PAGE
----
The World Series of Poker held its annual conference call on Tuesday to pimp their 2012 extravaganza, which gets underway at the Rio in Las Vegas on May 27th with the Casino Employees NLHE event. WSOP exec director Ty Stewart and tournament director Jack Effel revealed that the 2012 confab will feature around 470 tables, (closer to 500, if you count the tables at the Buzios’ room). Organizers claim pre-registrations for 2012 are exceeding last year’s numbers, creating expectations of topping last year’s main event field of 6,865.
The Big One For One Drop $1m buy-in event has around 40 deep-pocketed players already committed, and Stewart claims it’s “very realistic” that the event will reach its 48-player maximum. The Big One will also lead off ESPN’s WSOP coverage on Tuesday, July 3, followed by the National Championship on Aug. 7. Main event coverage will start Aug. 14, continuing every following Tuesday until the final table plays out ‘almost live’ (with a 15-minute delay) on Oct. 30 – earlier than usual to avoid being overshadowed by the US elections in November.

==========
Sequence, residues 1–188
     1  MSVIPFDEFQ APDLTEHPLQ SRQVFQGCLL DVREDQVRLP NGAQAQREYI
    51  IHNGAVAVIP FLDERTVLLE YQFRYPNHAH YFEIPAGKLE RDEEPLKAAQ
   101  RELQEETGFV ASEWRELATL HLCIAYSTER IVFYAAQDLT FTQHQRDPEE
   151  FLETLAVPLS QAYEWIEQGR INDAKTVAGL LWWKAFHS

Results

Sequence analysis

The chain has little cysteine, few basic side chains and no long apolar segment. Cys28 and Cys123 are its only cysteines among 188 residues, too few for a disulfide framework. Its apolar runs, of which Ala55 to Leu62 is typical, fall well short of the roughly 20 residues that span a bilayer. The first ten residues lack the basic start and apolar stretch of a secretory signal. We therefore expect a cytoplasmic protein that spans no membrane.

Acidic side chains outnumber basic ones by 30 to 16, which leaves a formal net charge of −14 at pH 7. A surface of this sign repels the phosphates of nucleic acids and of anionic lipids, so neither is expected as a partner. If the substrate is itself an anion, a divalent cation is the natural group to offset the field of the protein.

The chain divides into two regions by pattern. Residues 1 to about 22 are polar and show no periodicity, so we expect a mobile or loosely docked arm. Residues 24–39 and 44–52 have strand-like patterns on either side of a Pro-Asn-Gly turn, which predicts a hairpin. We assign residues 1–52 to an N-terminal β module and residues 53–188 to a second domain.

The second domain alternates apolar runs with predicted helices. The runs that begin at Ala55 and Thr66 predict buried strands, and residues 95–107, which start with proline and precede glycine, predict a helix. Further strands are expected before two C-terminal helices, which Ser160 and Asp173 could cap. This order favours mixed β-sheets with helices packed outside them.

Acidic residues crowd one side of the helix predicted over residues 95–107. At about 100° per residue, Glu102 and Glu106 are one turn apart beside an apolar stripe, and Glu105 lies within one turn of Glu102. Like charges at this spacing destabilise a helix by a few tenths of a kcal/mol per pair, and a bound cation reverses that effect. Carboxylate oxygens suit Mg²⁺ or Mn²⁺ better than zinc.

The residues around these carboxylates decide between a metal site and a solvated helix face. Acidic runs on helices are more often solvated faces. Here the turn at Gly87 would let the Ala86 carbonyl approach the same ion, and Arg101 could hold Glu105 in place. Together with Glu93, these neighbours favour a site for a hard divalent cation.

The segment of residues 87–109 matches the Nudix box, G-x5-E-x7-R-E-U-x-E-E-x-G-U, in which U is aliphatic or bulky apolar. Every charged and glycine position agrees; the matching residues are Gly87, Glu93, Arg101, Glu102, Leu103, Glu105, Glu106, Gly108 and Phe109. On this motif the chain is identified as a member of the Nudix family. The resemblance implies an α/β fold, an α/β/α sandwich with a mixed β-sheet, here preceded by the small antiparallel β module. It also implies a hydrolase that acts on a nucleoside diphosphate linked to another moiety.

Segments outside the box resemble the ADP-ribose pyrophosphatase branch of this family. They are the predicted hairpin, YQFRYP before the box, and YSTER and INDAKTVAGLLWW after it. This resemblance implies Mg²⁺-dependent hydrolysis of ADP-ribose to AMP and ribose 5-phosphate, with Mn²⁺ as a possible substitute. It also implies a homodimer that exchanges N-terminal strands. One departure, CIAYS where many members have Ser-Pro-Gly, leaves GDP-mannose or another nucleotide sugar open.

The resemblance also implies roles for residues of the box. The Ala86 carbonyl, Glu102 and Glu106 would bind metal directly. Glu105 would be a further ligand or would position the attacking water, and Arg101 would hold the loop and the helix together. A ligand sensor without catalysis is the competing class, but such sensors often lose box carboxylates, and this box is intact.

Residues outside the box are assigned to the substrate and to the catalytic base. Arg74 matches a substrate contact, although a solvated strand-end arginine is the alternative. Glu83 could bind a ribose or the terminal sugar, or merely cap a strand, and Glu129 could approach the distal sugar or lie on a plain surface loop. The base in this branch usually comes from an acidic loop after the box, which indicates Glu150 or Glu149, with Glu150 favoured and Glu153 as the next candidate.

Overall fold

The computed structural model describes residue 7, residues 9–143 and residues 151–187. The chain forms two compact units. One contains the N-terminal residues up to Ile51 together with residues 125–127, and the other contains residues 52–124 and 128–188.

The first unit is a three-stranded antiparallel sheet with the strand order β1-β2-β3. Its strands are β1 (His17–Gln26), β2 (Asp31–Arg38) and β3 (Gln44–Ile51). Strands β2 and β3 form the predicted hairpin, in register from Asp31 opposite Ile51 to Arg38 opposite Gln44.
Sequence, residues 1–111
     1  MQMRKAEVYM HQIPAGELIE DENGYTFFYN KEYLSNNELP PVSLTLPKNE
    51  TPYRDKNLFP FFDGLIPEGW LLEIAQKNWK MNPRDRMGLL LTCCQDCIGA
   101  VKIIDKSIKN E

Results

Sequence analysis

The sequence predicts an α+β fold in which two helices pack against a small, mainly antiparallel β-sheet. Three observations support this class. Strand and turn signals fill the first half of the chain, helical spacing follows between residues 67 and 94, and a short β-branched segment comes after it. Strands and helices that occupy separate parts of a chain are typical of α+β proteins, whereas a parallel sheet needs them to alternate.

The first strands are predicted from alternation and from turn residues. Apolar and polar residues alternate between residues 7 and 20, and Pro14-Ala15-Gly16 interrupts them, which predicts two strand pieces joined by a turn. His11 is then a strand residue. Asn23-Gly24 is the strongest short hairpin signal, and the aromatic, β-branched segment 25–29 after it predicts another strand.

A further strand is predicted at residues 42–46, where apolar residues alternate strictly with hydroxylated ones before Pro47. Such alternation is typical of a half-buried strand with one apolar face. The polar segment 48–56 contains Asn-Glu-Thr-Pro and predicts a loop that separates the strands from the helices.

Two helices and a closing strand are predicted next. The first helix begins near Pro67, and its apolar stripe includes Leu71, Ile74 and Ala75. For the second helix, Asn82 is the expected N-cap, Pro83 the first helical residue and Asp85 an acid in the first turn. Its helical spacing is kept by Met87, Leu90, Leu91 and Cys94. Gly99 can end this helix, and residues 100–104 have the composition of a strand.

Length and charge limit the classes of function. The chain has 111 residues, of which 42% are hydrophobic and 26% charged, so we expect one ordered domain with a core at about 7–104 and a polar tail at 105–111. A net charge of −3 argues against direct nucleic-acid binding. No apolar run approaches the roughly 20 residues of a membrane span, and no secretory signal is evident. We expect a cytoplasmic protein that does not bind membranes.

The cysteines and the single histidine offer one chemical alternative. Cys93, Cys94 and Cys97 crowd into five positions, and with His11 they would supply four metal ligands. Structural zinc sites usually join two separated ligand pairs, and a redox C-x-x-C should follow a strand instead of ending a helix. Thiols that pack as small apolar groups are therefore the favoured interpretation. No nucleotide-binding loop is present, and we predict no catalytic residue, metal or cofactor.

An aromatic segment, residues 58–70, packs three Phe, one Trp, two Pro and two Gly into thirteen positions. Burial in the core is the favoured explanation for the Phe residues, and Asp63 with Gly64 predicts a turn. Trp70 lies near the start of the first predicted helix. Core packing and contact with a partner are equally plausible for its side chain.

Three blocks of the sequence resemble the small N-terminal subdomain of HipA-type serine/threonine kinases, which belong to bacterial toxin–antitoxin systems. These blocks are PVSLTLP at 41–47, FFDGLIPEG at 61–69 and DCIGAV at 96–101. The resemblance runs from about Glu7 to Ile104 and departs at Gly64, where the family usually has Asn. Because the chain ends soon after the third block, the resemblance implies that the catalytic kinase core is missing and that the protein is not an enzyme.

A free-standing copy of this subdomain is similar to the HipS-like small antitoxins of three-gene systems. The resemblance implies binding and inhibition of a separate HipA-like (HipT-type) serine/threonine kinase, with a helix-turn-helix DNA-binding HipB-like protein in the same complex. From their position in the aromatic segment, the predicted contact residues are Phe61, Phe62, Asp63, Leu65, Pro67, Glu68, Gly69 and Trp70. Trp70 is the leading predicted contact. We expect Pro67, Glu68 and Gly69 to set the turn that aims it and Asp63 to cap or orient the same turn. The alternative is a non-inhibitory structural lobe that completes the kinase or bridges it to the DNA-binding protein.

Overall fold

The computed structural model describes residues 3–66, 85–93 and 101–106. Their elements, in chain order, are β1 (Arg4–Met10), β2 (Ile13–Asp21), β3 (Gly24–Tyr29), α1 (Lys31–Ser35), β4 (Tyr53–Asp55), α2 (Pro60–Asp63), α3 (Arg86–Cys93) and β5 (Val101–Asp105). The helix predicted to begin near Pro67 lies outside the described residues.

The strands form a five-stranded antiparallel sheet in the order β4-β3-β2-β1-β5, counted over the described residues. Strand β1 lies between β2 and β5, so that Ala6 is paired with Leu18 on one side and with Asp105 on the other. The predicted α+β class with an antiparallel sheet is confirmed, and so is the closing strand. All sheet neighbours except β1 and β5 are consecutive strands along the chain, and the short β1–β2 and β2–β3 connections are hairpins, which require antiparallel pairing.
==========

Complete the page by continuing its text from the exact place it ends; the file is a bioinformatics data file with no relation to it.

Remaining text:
Last year’s much loathed ‘celebration rule’ will reportedly be loosened a little, but determining exactly how much end zone dancing is appropriate will be left to individual officials on the scene. Players will also be allowed more freedom to verbalize at the tables, so long as they don’t expose their hand, re-open play or cause officials to suspect collusion. Men are not encouraged to take part in the Ladies Event, but WSOP lawyers say there’s no legal restriction against dicks taking part.
WSOP owner Caesars Entertainment has also decided to provide WSOP entrants with credits toward their Total Rewards accounts. Players who sign up for the rewards program will receive credits for taking part in WSOP gold bracelet events, Deepstack tournaments and Mega-Satellites. Said credits can be used at any Caesars property on tourney entry fees, hotel rooms, entertainment, etc. The plan replaces the food vouchers Caesars used to provide, but (like everything else) Stewart claims the switch is actually costing Caesars more money in the short term, which it hopes to realize down the road via consumer loyalty.